At the end of the day, mealtimes can be a real opportunity to nurture the connection between us and our children and to support them in building a positive relationship with food and their bodies.
But this won’t be possible if we’re trying to micromanage them and how they eat, which will deter them from learning critical skills necessary for building positive associations with food.
This will strip you from actually enjoying your kids at mealtimes too.
Especially if you’ve had a long day or if your family is going through a difficult season of life, focusing on connecting with your family over food at meals versus correcting your kids to eat in alignment with your own expectations is fundamental for bringing more joy into your home.
For more support with this, be sure to check out this post here: “Healthy Eating For Picky Eaters Starts With Connection Over Nutrition”
3. Mealtime burnout is real:
The rhythm of having to constantly feed your children, plan out meals, and run through this whole process and everything it entails, day after day, is exhausting.
The pandemic has certainly escalated this responsibility that families bear, and it’s no question that mealtimes come with a heavy mental load.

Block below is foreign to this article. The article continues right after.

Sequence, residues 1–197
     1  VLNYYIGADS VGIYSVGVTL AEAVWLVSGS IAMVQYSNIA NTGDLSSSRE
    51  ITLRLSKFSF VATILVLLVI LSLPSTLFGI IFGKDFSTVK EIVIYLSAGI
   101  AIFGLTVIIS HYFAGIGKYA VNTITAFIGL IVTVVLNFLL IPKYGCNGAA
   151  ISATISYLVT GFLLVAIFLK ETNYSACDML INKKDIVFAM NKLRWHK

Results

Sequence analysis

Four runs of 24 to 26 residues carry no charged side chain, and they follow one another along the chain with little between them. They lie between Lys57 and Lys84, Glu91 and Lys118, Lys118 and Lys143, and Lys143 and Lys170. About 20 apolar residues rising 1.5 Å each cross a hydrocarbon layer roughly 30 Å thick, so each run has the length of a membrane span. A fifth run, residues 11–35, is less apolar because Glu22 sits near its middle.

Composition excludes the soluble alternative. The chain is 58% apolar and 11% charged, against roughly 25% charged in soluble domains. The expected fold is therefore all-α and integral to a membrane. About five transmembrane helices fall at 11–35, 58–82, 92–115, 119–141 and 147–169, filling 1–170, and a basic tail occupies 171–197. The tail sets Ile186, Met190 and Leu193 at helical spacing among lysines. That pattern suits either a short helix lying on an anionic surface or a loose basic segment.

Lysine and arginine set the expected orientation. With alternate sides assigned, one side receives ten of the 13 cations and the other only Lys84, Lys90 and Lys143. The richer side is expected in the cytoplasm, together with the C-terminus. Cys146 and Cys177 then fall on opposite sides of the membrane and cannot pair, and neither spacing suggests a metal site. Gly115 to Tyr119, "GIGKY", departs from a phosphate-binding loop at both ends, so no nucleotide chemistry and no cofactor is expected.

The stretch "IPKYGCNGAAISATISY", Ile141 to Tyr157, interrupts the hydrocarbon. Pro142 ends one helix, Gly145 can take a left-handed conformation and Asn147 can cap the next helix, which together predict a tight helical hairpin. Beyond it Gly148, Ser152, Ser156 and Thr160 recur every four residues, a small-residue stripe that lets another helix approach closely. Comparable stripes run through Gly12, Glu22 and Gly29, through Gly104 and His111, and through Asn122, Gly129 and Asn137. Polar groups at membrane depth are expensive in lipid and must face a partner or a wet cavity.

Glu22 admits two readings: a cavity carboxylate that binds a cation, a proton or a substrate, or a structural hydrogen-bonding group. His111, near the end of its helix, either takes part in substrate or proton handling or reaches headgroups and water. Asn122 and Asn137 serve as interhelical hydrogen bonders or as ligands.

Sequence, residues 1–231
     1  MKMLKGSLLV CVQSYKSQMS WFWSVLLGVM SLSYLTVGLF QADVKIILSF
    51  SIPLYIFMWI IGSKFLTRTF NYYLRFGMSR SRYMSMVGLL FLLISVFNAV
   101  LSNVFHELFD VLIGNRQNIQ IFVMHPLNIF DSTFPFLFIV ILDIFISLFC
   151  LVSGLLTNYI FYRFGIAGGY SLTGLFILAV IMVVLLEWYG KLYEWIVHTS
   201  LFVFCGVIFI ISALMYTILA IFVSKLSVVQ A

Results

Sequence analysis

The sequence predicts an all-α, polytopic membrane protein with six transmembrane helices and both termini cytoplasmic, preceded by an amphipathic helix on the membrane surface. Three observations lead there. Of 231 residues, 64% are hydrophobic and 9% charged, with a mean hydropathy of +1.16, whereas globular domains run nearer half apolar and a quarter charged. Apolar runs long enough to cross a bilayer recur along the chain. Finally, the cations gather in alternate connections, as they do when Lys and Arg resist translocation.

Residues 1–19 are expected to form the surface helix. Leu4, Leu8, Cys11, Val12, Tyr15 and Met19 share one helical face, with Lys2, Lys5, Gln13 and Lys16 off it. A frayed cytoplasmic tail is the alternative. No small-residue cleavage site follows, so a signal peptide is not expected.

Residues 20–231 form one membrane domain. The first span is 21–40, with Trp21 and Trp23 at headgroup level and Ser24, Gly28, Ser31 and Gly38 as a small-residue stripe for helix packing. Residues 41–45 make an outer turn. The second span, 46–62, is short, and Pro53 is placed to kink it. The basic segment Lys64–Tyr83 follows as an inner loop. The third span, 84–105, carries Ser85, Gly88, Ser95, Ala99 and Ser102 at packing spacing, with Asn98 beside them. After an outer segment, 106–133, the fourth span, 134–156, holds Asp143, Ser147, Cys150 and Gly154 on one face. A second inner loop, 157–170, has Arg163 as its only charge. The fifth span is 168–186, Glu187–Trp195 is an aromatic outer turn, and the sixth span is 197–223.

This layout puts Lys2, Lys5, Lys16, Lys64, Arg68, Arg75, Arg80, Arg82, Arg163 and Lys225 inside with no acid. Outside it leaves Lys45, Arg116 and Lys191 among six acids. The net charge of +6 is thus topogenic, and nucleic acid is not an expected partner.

It’s constantly thinking about what you’re going to eat and feed your kids, taking inventory of the groceries you have and getting the food you need, ordering groceries or going grocery shopping, dealing with food refusal and endless kids’ requests, and actually preparing a meal and cleaning up afterward.
It makes me tired just writing it out. And thinking that you’re constantly doing this day after day in some aspect of your parenting.
When you’re plunged into a difficult situation, maintaining this mental load of mealtimes can become even more challenging, especially when your capacity has become quite limited.
It’s important to recognize that and understand you can’t feasibly maintain all these tasks without burning out in some shape or form.
You don’t want burnout to then prevent you from being able to feed yourself and your family, especially during those times where you need more support as a family.
Having some accessible options to help you continue to stay fed can mitigate some of the mealtime mental load so you can prioritize taking care of yourself, your family, and your own mental health and sanity.
I know for me and my family as we went through grief, this looked like eating a lot of cereal and frozen pizzas because that was just the easiest option at the time that required minimal preparation and clean-up afterward.
Letting go of unrealistic expectations to maintain the juggle of what goes into mealtimes helped alleviate this mental load of feeding a family, giving myself permission to channel that energy into caring for our family as best I could under the circumstances.